In the past, changes in sea level, droughts, erosion or sedimentation, or flooding have led to the abandonment of settlements. Those ruined towns and cities bear witness to environmental changes that left them unsustainable.
But the people who lived in them didn’t simply die or vanish. They moved. We can read this movement in the old settlements scattered across the landscape, but we can also read it in our own DNA, equally dotted with the evidence for past migrations.
For all of our history, mobility has helped to ensure our species’ success. If the mosquito problem in our neighborhood was too much to bear, we left. But as more and more of the world’s population lives in cities, as more and more of our infrastructure and wealth is invested in those cities, and as our national borders harden in response to population movements driven by the ancient impulse to flee from danger, this option is increasingly fraught with conflict and risk.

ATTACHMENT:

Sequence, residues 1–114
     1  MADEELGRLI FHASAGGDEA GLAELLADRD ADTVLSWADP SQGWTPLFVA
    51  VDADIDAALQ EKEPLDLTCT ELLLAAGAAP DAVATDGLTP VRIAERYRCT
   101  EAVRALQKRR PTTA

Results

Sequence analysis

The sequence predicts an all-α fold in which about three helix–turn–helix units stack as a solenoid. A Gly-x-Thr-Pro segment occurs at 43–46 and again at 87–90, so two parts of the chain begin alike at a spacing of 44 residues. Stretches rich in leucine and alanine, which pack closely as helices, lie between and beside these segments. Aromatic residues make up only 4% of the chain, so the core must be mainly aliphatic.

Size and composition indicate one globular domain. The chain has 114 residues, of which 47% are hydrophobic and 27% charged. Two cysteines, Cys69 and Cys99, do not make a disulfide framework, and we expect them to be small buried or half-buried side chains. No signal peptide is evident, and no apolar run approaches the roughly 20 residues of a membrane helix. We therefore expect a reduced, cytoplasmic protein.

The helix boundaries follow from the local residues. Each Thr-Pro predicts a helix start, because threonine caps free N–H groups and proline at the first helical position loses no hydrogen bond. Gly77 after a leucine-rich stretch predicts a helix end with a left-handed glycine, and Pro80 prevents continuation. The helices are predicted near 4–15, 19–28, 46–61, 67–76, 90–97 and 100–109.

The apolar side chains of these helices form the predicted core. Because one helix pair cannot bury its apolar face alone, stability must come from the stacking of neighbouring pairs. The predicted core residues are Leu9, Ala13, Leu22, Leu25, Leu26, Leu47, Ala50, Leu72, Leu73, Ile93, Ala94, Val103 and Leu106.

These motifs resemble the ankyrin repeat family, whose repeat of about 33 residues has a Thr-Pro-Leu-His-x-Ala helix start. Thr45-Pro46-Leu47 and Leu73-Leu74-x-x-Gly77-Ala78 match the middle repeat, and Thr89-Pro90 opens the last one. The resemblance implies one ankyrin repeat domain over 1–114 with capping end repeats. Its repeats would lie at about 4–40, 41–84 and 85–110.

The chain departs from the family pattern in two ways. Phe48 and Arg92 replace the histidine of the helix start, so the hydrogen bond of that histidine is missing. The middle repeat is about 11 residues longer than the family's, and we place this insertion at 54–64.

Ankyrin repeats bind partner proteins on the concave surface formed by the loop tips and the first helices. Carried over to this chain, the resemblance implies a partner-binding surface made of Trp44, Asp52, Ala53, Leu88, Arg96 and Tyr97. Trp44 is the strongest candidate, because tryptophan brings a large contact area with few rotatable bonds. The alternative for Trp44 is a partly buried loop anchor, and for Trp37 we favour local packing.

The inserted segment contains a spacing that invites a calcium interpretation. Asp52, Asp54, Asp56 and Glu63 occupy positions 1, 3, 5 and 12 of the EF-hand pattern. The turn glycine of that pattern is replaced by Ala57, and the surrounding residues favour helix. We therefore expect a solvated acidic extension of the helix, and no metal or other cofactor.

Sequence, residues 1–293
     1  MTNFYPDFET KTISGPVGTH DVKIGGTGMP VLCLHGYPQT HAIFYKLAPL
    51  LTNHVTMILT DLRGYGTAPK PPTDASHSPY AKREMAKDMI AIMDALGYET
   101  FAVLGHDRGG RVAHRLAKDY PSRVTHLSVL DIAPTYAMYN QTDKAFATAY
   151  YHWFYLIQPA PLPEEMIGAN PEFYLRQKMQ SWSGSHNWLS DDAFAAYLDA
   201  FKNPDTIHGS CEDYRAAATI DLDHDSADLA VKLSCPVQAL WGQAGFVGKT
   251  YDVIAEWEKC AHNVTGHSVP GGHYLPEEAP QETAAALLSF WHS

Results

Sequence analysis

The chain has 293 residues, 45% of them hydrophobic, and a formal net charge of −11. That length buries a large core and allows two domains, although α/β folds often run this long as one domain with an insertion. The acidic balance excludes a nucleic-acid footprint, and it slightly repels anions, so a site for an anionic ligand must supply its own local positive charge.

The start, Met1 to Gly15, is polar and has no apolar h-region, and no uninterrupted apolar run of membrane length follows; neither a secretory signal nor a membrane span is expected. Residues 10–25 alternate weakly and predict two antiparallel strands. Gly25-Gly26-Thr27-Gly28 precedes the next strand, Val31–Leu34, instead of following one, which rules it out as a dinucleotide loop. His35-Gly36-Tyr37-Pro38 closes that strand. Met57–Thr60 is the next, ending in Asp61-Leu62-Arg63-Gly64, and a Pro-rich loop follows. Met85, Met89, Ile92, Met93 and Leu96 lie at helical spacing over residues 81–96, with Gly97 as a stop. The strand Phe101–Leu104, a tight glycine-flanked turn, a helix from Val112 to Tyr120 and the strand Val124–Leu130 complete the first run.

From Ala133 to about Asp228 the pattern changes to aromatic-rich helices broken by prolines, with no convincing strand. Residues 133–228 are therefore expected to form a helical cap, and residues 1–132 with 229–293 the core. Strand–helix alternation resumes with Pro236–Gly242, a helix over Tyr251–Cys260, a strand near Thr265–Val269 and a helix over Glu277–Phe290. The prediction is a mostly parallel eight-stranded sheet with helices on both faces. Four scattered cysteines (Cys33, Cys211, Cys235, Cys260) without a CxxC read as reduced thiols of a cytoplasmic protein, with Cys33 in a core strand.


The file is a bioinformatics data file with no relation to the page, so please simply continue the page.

As part of Planet Texas 2050, Classics Associate Professor Adam Rabinowitz has sought to find ways to bridge the divide between the distant past and the present, and to show how previous human experience is relevant to our future. His new flagship project, “Stories of Ancient Resilience,” focuses in particular on the ways complex societies in the past responded to climate change and pressures on shared resources like water — issues that today’s cities are grappling with.
Read more from Rabinowitz in his blog post for “Not Even Past.”